An Albert Lea Thanksgiving tradition
Group gets together for 51st Turkey Bowl football game
There is no specific length of time as to when something becomes a tradition.
It just sort of happens, and people call it that.
The Detroit Lions and Dallas Cowboys playing on Thanksgiving Day has been a tradition for years — and something most might like to forget, since both teams haven’t fared well overall in a few decades. In Detroit’s case, never.
In the town of Albert Lea, a different Thanksgiving tradition started over 50 years ago.
Yes, it has to do with football. But more so, the strength and bond of friendships created by a network of kids through the Fountain Street neighborhood of Albert Lea.
Back in the 1960s, Albert Lea — a quick drive south of Minneapolis on Interstate 35 — was a booming town. From 1950 to 1960, Albert Lea’s population spiked 23 percent — from 13,545 to 17,108 — and with it brought about some of the best athletes Albert Lea has ever seen in its history.
On one Thanksgiving in 1966, the Albert Lea Turkey Bowl was born because of a few kids were annoying their mother while she was prepping dinner.
Needless to say, she kicked them out of the house and told them go burn off some energy.
Paul Wendorff, a former standout at Albert Lea, and long-time friends Rick Harves and Jim Nielsen were the founding players of the game.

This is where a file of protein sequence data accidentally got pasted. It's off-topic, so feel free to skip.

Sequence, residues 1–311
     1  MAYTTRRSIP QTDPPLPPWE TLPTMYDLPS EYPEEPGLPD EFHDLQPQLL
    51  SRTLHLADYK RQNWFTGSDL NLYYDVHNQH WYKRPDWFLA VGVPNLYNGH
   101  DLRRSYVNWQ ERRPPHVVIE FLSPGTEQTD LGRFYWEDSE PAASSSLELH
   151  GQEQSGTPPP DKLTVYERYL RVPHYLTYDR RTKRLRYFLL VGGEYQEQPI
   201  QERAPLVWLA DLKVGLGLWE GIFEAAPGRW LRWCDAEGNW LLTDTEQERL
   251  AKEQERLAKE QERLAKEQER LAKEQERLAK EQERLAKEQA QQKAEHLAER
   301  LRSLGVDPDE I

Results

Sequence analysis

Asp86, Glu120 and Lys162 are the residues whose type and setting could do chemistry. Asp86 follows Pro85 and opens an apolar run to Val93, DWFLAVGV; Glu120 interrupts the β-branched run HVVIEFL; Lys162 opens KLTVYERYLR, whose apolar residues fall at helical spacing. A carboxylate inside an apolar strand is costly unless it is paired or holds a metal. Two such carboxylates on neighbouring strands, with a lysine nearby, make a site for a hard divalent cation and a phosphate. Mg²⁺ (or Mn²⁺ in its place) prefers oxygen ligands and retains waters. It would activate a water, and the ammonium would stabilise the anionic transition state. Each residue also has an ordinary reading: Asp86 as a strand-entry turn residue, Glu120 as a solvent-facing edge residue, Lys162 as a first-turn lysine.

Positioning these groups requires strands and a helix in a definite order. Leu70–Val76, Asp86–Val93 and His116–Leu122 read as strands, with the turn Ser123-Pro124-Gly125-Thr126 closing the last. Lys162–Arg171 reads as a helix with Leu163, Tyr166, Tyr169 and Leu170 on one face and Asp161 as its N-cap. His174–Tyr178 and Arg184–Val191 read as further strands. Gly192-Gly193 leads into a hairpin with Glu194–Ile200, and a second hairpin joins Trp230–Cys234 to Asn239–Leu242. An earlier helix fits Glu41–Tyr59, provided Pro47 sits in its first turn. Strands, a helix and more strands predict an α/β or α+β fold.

Like any kid back in the day, no one wanted to play alone. So what did they do? They called up all their friends in the neighborhood and told them to meet at the football field. In about 15 minutes, 25 energy-filled teenagers between the ages of 13 and 16 were ready to play. Little did they know that it would be the first of 50 Turkey Bowls.
“We had to do something because Mom kicked us out of the house,” Wendorff said. “But we didn’t want to do it by ourselves. Our neighborhood was full of kids and we all knew each other, so we decided to call up our buddies to see if they wanted to play some football.”
Albert Lea had a lot of athletes during this time and it produced a lot of strong teams with solid results, so finding players to play in the Turkey Bowl was no trouble.
Harves, one of Wendorff’s closest friends, said coming up with the rules to the game was pretty simple.
“We started playing with older kids, who were bigger and faster than the younger kids,” Harves said. “So to make it fair, we kept the rules pretty simple — one-hand touch and pass anywhere. Over time, we evolved the game a bit. Eluding the touch was always the toughest, but it was the most fun. Also, passing anywhere made the game tougher because once you passed the line of scrimmage, you could either pass it backward or forward. We called it ‘jungle ball.’”
But this neighborhood was more than the Turkey Bowl. This group of teenagers played every Saturday and Sunday, and the Turkey Bowl just happened to evolve out of that.
The group also played other games besides ones that involved sports.